Judge Throws Out Wrongful Conviction For Woman Who Laughed At Jeff Sessions
Rather than sentence a woman to jail time for laughing during Attorney General Jeff Sessions' Senate confirmation hearing, a D.C. Superior Court judge threw out the woman's jury conviction of disorderly, disruptive conduct and ordered a new trial Friday. In tossing out the jury's conviction, Chief Judge Robert E. Morin dismissed government prosecutors' argument that laughter was enough to justify criminal charges. A new court date has reportedly been set for Sept. 1.
Code Pink protester Desiree Fairooz, 61, was arrested in January after a rookie Capitol police officer forcibly removed her from a Senate Judiciary Committee hearing for laughing at Sen. Richard Shelby's claim Sessions' history of "treating all Americans equally under the law is clear and well-documented." In May, a jury convicted Fairooz of disorderly, disruptive conduct and obstructing passage on U.S. Capitol grounds, charges that can carry a sentence of up to a year of jail time and a maximum fine of $2,000, according to NPR.
In a statement released through Code Pink shortly after her conviction, Fairooz called her arrest "petty, provocative and a wasteful use of citizen tax dollars." She went on to say both Capitol Police and the Department of Justice never should have pursued their case against her.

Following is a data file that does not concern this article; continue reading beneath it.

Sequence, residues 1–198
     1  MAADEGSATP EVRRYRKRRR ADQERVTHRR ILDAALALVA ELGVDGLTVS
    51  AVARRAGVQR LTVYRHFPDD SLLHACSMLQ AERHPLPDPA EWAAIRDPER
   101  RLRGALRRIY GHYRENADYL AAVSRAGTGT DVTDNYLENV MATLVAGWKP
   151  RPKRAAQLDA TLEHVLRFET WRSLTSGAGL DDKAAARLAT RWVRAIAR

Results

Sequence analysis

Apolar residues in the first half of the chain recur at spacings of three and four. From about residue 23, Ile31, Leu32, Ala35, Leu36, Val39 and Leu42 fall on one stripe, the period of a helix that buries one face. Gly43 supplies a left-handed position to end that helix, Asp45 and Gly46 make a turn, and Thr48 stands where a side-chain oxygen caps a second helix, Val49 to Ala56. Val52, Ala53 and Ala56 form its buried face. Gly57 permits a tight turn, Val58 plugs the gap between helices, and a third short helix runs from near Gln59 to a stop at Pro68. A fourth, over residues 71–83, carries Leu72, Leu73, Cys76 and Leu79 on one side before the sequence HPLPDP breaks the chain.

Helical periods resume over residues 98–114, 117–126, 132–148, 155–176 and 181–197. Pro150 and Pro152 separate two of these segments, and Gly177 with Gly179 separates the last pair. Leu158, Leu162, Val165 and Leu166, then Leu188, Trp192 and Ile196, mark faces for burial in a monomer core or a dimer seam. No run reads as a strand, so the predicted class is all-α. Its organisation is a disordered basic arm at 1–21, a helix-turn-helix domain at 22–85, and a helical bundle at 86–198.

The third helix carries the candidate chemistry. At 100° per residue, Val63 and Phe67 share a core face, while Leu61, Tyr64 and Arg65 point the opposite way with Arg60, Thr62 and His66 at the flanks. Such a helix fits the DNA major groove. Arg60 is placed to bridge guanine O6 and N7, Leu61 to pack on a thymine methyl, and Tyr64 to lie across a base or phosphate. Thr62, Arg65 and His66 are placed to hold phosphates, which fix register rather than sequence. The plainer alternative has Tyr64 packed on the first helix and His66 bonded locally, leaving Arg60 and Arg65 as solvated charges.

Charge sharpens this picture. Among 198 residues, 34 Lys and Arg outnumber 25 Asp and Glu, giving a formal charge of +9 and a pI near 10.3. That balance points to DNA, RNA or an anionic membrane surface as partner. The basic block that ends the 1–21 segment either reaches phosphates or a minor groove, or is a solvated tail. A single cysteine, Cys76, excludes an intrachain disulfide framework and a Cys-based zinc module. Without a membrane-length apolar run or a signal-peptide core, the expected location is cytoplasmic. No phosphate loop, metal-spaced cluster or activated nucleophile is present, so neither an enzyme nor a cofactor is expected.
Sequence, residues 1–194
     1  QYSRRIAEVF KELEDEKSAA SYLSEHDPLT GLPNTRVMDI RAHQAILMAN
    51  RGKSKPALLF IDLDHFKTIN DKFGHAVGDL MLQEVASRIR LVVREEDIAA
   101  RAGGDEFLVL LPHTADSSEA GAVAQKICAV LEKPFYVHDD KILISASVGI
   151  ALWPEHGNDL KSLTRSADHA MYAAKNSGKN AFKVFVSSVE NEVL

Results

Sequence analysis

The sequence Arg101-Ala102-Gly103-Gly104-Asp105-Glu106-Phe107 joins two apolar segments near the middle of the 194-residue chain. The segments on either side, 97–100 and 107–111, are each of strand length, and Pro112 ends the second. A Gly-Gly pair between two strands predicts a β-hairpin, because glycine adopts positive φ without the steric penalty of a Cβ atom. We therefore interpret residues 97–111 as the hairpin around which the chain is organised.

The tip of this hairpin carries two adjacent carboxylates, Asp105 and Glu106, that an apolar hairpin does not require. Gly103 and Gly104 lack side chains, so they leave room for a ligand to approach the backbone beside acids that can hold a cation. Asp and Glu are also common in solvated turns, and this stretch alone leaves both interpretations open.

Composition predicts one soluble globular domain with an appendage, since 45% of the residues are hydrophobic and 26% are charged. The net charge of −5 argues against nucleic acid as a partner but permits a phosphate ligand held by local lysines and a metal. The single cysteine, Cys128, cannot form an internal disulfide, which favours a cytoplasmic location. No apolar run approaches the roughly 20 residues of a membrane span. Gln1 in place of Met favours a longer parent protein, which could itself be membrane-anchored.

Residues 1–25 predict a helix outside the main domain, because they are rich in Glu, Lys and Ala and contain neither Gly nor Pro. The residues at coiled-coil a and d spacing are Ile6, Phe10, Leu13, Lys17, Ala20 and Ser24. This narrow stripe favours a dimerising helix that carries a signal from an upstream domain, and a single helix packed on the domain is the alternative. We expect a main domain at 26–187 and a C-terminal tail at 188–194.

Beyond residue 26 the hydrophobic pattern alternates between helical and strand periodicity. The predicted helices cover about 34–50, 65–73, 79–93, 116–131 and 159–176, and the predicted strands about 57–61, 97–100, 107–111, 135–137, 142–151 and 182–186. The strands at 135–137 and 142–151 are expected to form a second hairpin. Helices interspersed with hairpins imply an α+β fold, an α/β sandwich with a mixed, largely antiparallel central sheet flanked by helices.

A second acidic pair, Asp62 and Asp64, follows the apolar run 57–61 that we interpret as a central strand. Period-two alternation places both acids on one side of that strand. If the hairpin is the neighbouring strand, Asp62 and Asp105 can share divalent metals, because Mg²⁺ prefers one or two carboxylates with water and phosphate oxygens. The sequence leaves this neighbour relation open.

Unsurprisingly, Kimberly Paschall, an attorney representing the government, pushed for the jury's conviction to be upheld Friday. In court documents that the Huffington Post reports were filed ahead of Fairooz's sentencing, Paschall had argued "the defendant engaged in disorderly or disruptive conduct when she loudly laughed at Senator Shelby’s comments" and the jury's guilty conviction should be upheld as jurors "could reasonably infer that the laugh was a deliberate disruption."
In the end, Judge Morin sided with Fairooz and tossed out the jury's guilt conviction on the grounds the government had wrongly argued a laugh was sufficient enough to not only warrant criminal charges but see the case put before a jury. "The court is concerned about the government's theory," Judge Morin said, per Huffington Post reporter Ryan J. Reilly. Morin also reportedly said laughter "would not be sufficient" to have the case brought before a jury.
But Fairooz reportedly appeared unsatisfied with Judge Morin's decision to order a new trial. "It's absurd," Fairooz said as she left the courthouse Friday, acording to Code Pink. "This is a waste of everyone's time and a waste of tens of thousands of dollars in taxpayers money. The only thing more ridiculous than being tried for laughing, is being tried twice for laughing."
Fairooz is scheduled to return to court on Sept. 1.